I was recently assessing the demographic makeup of Union and Confederate armies in my Civil War and Reconstruction class when one of my students asked a thought-provoking question: “What percentage of the Union Army was northern, white, English-speaking, and native-born?”
My impromptu response was to say about half, given that the Union ranks included at least 100,000 soldiers from the Confederate states, 200,000 soldiers from the Border South, 200,000 African Americans, and more than 500,000 foreign-born soldiers, most from Germany and Ireland. I didn’t broach the semantic debate over “Northern,” which was as often a political as a geographic term. (Some of my Lower Middle Western Unionists rejected it outright.)
But I was subsequently surprised by the seeming paucity of scholarship and hard data on this topic, and I am still on the lookout for a single source that weighs competing estimates of nationalities and ethnicities within the Union ranks. (Scholarly discussions of the problem of determining African American numbers in the Union Army go back to at least Dudley Taylor Cornish’s The Sable Arm in 1956.)
Although countless works have underscored race, ethnicity, and nationality in particular contexts, of course, and David Gleeson and Anne Bailey have even scrutinized ethnic minorities in the Confederacy, less has been written on broader role of cosmopolitanism in the Union Army despite the recent trend of placing the Civil war within the context of other nineteenth century revolutions in Europe and South America.
James M. McPherson’s For Cause and Comrades (1996) provides some of the most precise statistics on the Union Army’s racial and ethnic makeup. (This data can be found online here.) Using McPherson’s numbers, one gets a sense of the scale of ethnic, racial, and cultural diversity within the Union Army:
However, as native-born whites and African Americans were born in both northern and southern states, these figures do not account for the other component of my student’s question: region of origin. Luckily, Bill Freehling, in his estimation of “Southern anti-Confederates,” and others provide some estimates as to what percentage of African American soldiers hailed from slaveholding states and how many white Union soldiers enlisted from the Border South and the Confederate states. (Freehling’s rough estimate is that at least 450,000 black and white southerners fought in the Union Army.)
Though imperfect, these data sets suggest several things:
- A slight minority of the Union soldiers were probably born in the North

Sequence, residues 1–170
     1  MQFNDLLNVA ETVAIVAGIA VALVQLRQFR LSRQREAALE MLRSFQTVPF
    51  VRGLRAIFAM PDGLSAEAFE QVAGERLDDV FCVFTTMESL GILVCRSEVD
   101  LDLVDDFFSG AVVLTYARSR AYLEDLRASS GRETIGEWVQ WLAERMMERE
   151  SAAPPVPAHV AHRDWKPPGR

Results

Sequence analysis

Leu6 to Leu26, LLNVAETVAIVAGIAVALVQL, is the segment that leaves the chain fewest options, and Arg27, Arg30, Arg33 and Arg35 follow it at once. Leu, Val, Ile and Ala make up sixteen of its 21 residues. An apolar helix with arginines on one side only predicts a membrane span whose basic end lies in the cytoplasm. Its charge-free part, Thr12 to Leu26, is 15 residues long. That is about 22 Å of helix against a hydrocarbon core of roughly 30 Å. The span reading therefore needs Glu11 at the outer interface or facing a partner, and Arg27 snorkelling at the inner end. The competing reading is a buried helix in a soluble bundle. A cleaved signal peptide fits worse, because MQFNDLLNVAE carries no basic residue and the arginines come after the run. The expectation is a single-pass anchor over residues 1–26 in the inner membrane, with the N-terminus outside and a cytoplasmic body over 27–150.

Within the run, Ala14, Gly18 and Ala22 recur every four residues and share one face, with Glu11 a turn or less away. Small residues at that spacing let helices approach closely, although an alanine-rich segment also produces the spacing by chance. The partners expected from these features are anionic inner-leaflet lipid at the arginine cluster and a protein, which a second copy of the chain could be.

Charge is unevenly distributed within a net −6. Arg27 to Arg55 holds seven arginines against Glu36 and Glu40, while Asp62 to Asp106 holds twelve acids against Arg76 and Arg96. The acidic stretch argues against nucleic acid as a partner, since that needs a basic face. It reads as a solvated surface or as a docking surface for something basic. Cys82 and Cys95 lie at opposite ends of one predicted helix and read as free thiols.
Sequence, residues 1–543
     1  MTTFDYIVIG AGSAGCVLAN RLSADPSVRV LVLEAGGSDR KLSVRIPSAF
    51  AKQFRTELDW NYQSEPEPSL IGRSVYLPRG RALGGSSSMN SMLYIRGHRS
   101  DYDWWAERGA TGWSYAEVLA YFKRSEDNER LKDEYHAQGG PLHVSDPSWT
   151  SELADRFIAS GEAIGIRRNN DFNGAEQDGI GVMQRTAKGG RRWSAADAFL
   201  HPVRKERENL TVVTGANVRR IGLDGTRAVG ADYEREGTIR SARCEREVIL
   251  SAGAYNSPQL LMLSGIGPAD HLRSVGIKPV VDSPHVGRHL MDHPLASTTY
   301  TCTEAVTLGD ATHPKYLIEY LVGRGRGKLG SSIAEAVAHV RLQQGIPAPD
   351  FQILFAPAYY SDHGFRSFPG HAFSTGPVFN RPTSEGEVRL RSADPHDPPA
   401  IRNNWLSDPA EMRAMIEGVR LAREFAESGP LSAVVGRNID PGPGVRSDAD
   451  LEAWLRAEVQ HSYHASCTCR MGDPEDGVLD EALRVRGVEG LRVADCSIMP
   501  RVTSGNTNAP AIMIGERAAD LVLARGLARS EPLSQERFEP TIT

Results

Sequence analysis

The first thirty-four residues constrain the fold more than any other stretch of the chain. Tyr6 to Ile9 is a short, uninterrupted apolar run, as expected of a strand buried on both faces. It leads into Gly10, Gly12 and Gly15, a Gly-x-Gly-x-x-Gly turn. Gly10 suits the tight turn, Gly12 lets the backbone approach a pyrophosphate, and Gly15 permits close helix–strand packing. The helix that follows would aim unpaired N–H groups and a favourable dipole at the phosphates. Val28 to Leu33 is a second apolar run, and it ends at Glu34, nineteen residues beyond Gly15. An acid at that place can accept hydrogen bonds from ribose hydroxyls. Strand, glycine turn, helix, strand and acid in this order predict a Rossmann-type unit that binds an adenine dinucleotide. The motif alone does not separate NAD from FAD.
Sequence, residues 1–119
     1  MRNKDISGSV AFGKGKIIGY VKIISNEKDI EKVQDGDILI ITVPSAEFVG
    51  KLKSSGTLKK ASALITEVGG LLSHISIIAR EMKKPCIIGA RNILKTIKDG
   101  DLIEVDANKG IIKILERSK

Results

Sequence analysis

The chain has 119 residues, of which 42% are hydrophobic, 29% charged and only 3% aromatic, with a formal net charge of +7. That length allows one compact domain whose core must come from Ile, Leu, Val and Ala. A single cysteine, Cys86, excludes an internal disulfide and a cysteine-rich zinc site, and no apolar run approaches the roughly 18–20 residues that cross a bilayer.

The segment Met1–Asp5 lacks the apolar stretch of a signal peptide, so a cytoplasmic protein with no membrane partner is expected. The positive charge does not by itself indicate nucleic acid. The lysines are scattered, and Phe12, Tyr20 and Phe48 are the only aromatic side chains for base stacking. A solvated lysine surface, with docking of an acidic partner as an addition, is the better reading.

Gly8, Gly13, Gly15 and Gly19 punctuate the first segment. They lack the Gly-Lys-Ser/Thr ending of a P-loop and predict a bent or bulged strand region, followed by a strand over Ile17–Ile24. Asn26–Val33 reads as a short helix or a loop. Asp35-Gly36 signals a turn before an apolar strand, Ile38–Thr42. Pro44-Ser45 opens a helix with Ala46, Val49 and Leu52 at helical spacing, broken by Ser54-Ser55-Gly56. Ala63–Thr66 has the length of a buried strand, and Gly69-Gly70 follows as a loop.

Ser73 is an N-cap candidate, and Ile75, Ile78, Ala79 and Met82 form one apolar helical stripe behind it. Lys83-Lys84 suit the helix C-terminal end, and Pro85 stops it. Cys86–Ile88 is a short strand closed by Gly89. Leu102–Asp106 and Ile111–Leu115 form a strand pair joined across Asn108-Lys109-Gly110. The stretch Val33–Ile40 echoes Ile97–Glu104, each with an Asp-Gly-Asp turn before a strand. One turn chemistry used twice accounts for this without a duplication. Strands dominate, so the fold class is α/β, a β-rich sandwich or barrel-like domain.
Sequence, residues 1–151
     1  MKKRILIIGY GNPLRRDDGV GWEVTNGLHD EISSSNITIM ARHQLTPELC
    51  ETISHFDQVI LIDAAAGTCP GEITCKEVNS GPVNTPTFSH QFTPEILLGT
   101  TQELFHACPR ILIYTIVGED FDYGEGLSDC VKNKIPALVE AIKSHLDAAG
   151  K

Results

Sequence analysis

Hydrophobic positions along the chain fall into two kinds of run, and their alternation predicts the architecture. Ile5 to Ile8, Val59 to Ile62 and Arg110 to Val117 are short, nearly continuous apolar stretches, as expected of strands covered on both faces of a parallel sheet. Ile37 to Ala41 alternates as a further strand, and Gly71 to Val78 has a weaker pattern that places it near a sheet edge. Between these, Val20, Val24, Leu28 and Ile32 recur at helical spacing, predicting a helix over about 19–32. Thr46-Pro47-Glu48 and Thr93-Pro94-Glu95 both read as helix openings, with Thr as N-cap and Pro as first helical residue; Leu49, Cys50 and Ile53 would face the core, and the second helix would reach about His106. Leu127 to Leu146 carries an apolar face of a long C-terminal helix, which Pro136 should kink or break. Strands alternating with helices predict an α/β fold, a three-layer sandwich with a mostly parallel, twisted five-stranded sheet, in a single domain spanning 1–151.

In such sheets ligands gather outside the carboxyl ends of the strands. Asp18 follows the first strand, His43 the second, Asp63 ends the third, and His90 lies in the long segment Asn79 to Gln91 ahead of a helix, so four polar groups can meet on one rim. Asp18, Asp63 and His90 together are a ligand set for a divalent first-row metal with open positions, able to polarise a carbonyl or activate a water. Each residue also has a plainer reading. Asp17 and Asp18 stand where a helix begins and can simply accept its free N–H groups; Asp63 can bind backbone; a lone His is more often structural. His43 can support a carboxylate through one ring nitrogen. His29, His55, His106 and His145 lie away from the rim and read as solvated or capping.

- Roughly 300,000 of those approximately 1 million northern-born Union soldiers were of German descent
- As such, English-speaking (first language) northern-born white men in fact comprised a decided minority (though a clear plurality) of the Union Army, and their numbers were likely somewhere in the neighborhood of 750,000 out of the 2.2 million men who served
- I might conclude to my student that English-speaking northern-born white men constituted about one-third of the Union Army.
Now for the next set of questions. These numbers seem exceptional, but just how diverse was the Union Army in relative terms? What did its variety mean, particularly given the rates at which different ethnic groups “Americanized”?
I know of no such source that compares the heterogeneity of the Union Army with that of other multinational and multiethnic nineteenth century volunteer or coerced service armies. How, for instance, did the Army of the Potomac equate in its cosmopolitanism with Napoleon’s Grand Armée, the monarchical forces of the Hapsburg or the Tsars, Garibaldi’s revolutionary nationalists, or the British Madras?
Additionally, synthesizing soldier studies and more recent efforts to internationalize the Civil War (think Andre Fleche’s The Revolution of 1861 or Don Doyle’s The Cause of All Nations), future scholars might weigh in on the ideological implications within the ranks of this interracial, interethnic, and international Unionist coalition. Though previous studies have touched on how ethnic and linguistic diversity impacted the culture and organization of various Union armies, corps, and regiments, a broader appraisal might be useful in addressing the distinctiveness of the Union Army experience from ethnic, racial, and national perspectives, and in speaking to the social and political practice of war. Adding to Fleche’s “transatlantic dialogue,” scholars might use ethnic, linguistic, religious, and racial diversity and interaction in the ranks to examine in what ways pluralism influenced how soldiers communicated, constructed notions of manhood and nationalism, and thought about everything from the political economy and republicanism to conceptions of death and physical space.
This commentary is not a formal call to arms but a post-class exercise and hope for further discussion and some collegial guidance. (If nothing else, I’d like to provide my student a more satisfactory answer next time.)